Q. So my first question is, have you at any time been a member of the Communist Party?

A. I would like to answer that by saying that I am not a member of the Communist Party. However, as to the second part of your question I will stand on the fifth amendment and refuse to answer this question because I feel it could incriminate me.

Q. Well, actually I asked you only one question, whether you had ever been a member. You state you are not a member now?

A. Yes.

Q. When did you withdraw from the Communist Party?

A. I would have to decline, sir, on the same ground.

Testimony before the House Committee on Un-American Activities, Los
Angeles, California, September 19, 1951

The Richard and Hinda Rosenthal Foundation Award is given every year by the American Academy and Institute of Arts and Letters to one painter and to one “American work of fiction published during the preceding twelve months which, though not a commercial success, is a considerable literary achievement.” Over the years, this prize has been awarded to novels by, among others, Bernard Malamud, John Updike, Thomas Pynchon, Joyce Carol Oates, and Diane Johnson.

The book chosen this year was Famous All Over Town, an ebulliently funny first novel by Danny Santiago about an indomitable young Chicano growing up in the East Los Angeles barrio. The citation for the Rosenthal Award, presented by John Kenneth Galbraith at the Academy and Institute’s annual ceremonial last May 16th, read:

Famous All Over Town adds luster to the enlarging literary genre of immigrant experience, of social, cultural and psychological threshold-crossing…. The durable young narrator spins across a multi-colored scene of crime, racial violence and extremes of dislocation, seeking and perhaps finding his own space. The exuberant mixes with the nerve-wracking; and throughout sly slippages of language enact a comedy on the theme of communication.

Danny Santiago did not show up at the ceremony to pick up the $5,000 check that came with his Rosenthal Award. His absence was in keeping with a long-established pattern of reclusiveness. There is no photograph of Danny Santiago on the dust jacket of Famous All Over Town. His agent and publisher have never laid eyes on him. Neither have they ever spoken to him on the telephone. Danny Santiago claims to have no telephone. His address is a post office box in Pacific Grove, California, a modest settlement on the Monterey peninsula. All communication with Danny Santiago goes through this Pacific Grove post office box. Danny Santiago refuses to be interviewed and therefore did no publicity on behalf of Famous All Over Town. It is as if Danny Santiago did not exist, and in a way he does not.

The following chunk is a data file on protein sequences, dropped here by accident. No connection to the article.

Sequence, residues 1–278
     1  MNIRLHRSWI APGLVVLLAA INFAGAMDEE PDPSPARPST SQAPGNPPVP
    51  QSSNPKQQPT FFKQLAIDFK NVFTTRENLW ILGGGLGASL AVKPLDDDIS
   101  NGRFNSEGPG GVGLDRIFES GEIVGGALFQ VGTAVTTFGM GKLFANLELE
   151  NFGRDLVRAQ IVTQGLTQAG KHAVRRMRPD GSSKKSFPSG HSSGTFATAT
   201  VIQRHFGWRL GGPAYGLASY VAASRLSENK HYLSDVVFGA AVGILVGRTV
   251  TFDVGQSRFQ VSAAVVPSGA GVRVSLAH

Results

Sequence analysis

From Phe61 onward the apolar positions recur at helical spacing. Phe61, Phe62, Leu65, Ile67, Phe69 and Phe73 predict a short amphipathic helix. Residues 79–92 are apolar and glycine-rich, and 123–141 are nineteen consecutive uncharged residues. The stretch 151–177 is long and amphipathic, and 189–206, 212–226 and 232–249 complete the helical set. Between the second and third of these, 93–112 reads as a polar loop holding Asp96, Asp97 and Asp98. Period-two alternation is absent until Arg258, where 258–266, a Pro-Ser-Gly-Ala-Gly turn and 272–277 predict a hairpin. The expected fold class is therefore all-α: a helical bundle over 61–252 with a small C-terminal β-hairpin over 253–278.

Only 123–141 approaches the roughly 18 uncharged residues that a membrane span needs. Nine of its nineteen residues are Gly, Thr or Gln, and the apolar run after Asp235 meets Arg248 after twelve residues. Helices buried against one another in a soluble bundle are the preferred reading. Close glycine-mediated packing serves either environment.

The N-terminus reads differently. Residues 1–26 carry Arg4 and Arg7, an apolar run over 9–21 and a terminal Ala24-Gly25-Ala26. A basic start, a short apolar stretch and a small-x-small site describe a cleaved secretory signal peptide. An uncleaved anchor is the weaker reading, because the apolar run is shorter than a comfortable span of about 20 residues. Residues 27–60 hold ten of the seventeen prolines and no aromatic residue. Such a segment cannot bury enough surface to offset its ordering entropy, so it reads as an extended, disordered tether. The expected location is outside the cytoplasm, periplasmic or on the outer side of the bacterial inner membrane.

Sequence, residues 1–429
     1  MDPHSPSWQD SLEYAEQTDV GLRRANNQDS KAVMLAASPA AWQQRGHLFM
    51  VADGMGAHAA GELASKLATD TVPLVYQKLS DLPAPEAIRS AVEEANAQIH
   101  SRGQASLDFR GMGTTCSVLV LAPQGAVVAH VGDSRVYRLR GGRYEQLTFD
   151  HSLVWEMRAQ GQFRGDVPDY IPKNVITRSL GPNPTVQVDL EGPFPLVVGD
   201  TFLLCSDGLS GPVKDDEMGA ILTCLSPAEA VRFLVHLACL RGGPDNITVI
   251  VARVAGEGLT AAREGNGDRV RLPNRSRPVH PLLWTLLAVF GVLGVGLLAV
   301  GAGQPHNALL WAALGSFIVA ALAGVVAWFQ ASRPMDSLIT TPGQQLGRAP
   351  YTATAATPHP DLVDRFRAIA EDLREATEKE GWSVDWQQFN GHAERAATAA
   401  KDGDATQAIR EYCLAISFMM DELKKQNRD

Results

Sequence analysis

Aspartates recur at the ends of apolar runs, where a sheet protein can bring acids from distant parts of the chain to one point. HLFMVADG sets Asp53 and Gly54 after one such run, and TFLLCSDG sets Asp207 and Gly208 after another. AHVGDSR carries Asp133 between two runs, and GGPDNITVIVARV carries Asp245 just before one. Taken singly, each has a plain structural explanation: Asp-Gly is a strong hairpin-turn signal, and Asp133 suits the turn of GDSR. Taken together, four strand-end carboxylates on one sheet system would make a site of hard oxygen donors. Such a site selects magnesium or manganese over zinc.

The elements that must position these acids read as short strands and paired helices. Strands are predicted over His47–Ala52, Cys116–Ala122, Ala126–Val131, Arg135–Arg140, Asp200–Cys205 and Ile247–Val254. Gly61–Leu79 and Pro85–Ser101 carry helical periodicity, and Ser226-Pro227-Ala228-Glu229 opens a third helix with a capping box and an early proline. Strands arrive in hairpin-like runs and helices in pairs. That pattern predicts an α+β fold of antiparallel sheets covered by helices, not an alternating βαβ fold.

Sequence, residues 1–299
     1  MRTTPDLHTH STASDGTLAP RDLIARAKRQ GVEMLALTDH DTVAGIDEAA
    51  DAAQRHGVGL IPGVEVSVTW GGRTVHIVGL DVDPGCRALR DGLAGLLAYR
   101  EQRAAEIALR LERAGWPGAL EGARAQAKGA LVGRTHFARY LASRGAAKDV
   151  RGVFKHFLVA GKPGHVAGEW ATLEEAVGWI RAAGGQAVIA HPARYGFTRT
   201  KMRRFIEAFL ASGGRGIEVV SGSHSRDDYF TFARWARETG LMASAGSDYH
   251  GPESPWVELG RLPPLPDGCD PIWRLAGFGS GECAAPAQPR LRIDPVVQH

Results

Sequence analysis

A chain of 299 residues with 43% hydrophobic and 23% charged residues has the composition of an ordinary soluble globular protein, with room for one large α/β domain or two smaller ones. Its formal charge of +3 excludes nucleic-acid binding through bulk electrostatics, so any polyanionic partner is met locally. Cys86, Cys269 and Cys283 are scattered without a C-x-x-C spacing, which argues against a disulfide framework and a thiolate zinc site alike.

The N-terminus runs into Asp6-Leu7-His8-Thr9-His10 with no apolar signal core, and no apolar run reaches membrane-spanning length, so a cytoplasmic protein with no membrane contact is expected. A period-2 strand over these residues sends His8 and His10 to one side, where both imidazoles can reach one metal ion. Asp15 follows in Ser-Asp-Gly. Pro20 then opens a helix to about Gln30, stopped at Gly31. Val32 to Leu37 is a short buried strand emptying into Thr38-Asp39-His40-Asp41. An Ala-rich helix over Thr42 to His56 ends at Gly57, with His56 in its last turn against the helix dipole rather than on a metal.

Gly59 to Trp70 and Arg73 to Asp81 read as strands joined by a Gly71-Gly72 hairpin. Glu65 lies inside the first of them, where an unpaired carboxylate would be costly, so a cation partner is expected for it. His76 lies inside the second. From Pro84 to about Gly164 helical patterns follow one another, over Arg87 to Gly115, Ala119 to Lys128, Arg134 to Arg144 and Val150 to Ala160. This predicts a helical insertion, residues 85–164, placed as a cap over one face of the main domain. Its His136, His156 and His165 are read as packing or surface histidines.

As it happens, I have known the author of Famous All Over Town for the past eighteen years. He was my landlord when my wife and I lived in Hollywood. Danny Santiago, strictly speaking, is not his name. He is not a Chicano. Nor is he young. He is seventy-three years old. He is an Anglo. He is a graduate of Andover and Yale. He was the only member of the Yale class of 1933 to major in classical Greek. He is a prize-winning playwright. He is the co-author of the book of a hit musical comedy that played 654 performances on Broadway.

He was a screenwriter. He worked with Charlie Chaplin on The Great Dictator. He was a member of the Communist party. He worked as a volunteer social worker in East Los Angeles. He was one of 152 people named, on September 19, 1951, by a single witness before the House Committee on Un-American Activities, which was investigating Communist infiltration of the movie industry. He was subpoenaed to appear before the Committee. He declined under oath to say whether he had ever been a member of the Party, which he had, in fact, officially left three years earlier. He was blacklisted. He wrote monster pictures under an assumed name. He continued, along with his wife, to do volunteer work in East Los Angeles through the 1950s and into the Sixties. In 1968, he showed me some stories he had written about the neighborhood where he had been a social worker for so many years. As a result, I became a reluctant co-conspirator in his establishing the identity of Danny Santiago. His name is Daniel James. “Danny Santiago,” of course, is Dan James translated into Spanish.


Q. Will you state your full name, Mr. James?

A. Daniel Lewis James.

Q. When and where were you born?

A. In Kansas City, Missouri, January 14, 1911.

Testimony before the House Committee on Un-American Activities, Los
Angeles, California, September 19, 1951

Dan James’s grandfather was the first cousin of Frank and Jesse James. This grandfather went to Brown. His grandmother was in the first graduating class at Vassar. His father graduated from Yale. The Jameses of Kansas City were Midwestern gentry, importers and purveyors of fine china—Spode and Haviland—which they sold throughout the Midwest and the border states. The business—T.M. James & Sons—flourished. Daniel James’s maternal grandfather purchased the home of a robber baron in Kansas City who had gone broke. I have seen a photograph of this house, which has long since been razed. It was a house of which Soames Forsyte might have approved, the house of a man of property, huge, in the convention of the day, dominated by a tower and punctuated by turrets and gables and cupolas and verandas, and it was in this house that Daniel James was born in 1911, his parents’ only child.